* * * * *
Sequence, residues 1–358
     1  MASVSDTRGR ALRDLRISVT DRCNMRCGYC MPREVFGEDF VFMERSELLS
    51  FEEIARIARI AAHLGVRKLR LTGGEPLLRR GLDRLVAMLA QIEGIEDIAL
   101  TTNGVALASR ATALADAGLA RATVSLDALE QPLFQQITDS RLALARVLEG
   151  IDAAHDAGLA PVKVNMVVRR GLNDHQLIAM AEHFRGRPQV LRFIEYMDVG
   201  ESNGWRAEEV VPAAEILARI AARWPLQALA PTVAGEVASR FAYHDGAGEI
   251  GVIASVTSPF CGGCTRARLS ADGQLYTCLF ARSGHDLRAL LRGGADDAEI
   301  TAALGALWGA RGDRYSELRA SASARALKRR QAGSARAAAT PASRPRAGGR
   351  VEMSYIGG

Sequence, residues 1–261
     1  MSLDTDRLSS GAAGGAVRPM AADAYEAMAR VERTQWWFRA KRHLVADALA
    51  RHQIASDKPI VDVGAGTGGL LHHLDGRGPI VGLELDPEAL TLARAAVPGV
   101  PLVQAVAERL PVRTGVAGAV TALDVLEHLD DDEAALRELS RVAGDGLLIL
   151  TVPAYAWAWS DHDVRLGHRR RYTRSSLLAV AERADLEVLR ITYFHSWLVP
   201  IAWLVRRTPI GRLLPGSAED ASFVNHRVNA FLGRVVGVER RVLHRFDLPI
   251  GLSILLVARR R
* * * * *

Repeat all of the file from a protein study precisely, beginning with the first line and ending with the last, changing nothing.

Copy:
Sequence, residues 1–358
     1  MASVSDTRGR ALRDLRISVT DRCNMRCGYC MPREVFGEDF VFMERSELLS
    51  FEEIARIARI AAHLGVRKLR LTGGEPLLRR GLDRLVAMLA QIEGIEDIAL
   101  TTNGVALASR ATALADAGLA RATVSLDALE QPLFQQITDS RLALARVLEG
   151  IDAAHDAGLA PVKVNMVVRR GLNDHQLIAM AEHFRGRPQV LRFIEYMDVG
   201  ESNGWRAEEV VPAAEILARI AARWPLQALA PTVAGEVASR FAYHDGAGEI
   251  GVIASVTSPF CGGCTRARLS ADGQLYTCLF ARSGHDLRAL LRGGADDAEI
   301  TAALGALWGA RGDRYSELRA SASARALKRR QAGSARAAAT PASRPRAGGR
   351  VEMSYIGG

Sequence, residues 1–261
     1  MSLDTDRLSS GAAGGAVRPM AADAYEAMAR VERTQWWFRA KRHLVADALA
    51  RHQIASDKPI VDVGAGTGGL LHHLDGRGPI VGLELDPEAL TLARAAVPGV
   101  PLVQAVAERL PVRTGVAGAV TALDVLEHLD DDEAALRELS RVAGDGLLIL
   151  TVPAYAWAWS DHDVRLGHRR RYTRSSLLAV AERADLEVLR ITYFHSWLVP
   201  IAWLVRRTPI GRLLPGSAED ASFVNHRVNA FLGRVVGVER RVLHRFDLPI
   251  GLSILLVARR R